Broadcaster and journalist Jonathan Dimbleby has launched an innovative new smartphone app that enables people to capture and comment upon landscapes in and around the South Devon Area of Outstanding Natural Beauty (AONB).
Rate my View has been developed by the South Devon AONB in partnership with Plymouth University as part of the Cordiale project. It is designed to gather pictures and feedback from people as they photograph the protected landcape.
Mr Dimbleby, who is the patron of the South Devon AONB, officially launched the app at the South Devon AONB annual open forum commenting “Rate my view is incredibly simple to use with your smart phone or tablet. It encourages you to say what is important about the view and what it is that captures the imagination. It also gives you the chance to make positive or negative comments about the landscape. I’m delighted to launch it.”
Roger English, Project Officer at South Devon AONB, said: “The app’s simple nature enables a participative approach to collecting, sharing and understanding a range of public perceptions of local landscapes in and around the South Devon AONB. We’re hoping that over time it will enable us to build up a picture of how the AONB is perceived. “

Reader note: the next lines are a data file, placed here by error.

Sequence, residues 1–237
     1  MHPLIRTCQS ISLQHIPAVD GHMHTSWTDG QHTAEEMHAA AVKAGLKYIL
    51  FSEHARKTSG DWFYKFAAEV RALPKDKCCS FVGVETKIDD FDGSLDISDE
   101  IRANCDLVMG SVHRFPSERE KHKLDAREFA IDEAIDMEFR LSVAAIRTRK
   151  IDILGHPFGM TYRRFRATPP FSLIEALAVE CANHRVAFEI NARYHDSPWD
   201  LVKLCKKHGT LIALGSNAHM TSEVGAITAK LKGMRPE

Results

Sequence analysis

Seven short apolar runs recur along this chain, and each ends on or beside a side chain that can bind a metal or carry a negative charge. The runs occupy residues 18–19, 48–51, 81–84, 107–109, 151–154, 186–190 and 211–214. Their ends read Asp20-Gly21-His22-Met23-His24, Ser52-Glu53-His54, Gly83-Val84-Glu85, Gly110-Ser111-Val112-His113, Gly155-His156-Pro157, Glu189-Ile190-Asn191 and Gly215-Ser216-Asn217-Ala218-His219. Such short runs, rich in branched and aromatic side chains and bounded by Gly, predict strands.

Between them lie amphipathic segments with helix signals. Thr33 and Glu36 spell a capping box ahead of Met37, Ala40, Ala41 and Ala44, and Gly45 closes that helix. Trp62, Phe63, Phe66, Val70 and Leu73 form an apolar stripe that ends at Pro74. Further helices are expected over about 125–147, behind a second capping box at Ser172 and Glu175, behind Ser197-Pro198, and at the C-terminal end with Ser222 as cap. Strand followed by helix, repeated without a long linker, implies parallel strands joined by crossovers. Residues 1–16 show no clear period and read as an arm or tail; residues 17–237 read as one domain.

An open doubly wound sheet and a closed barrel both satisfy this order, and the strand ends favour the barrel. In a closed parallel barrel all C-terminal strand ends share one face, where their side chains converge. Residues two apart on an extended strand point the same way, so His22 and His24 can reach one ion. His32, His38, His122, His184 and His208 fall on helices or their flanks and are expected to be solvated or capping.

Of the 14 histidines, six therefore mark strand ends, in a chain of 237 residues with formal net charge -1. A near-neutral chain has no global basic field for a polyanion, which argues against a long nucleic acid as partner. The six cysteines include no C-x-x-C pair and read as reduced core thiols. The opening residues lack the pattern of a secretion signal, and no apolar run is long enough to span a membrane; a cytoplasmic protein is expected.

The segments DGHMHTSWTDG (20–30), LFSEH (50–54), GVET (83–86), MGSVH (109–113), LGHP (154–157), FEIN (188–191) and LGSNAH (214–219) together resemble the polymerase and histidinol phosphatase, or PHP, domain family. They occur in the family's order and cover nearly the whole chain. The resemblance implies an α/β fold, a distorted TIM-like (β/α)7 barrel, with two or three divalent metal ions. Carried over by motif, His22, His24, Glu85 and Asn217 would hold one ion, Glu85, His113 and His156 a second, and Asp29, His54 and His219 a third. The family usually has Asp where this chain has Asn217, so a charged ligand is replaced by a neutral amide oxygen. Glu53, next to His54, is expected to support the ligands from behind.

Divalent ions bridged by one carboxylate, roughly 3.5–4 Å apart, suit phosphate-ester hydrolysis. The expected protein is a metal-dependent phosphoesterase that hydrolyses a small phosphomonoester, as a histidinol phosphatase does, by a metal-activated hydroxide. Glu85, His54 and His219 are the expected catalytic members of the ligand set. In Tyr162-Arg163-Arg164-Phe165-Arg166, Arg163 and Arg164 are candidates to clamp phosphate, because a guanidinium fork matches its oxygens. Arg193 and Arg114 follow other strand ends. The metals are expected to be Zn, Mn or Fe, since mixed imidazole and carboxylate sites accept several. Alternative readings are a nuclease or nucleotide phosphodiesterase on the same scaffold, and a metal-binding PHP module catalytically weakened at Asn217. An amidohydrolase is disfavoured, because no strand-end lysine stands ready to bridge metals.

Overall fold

The South Devon AONB is one of 46 AONBs in the country, and stretches from Brixham to Wembury, and includes towns such as Kingsbridge, Dartmouth, Salcombe and Modbury in addition to the spectacular coastline, estuaries and farmed countryside.
The website can be viewed at http://www.ratemyview.co.uk.
The App can be downloaded from:
The app, which is free, and available on both Apple and Android platforms, automatically uploads pictures taken on smartphones or tablets to the Rate my View website. It uses GPS technology to pinpoint the users location and make sure they are in or near the AONB area, even detecting the direction the person is facing.
Users then rate their view by giving it between 0 and 5 stars; and submit words or short phrases that sum up their view. This could include landscape features “network of Devon hedgebanks”, qualities “tranquil”, feelings “inspiring”, events “battered by waves” and much more.
Dr John Martin, of the University’s School of Geography, Earth and Environmental Sciences, said: “The app helps to burrow into public perceptions, finding out what people really think about the area’s coast, estuaries, countryside and villages. Over time, with the changing of the seasons, and as change takes take effect it will enable us to better understand how we view our landscapes and discover what we particularly value.”
Dr Martin said that other AONBs had expressed an interest in the technology, as well as Scottish Natural Heritage and two Regional Natural Parks in France, an equivalent protected landscape designation, who have been working on projects with the South Devon AONB team.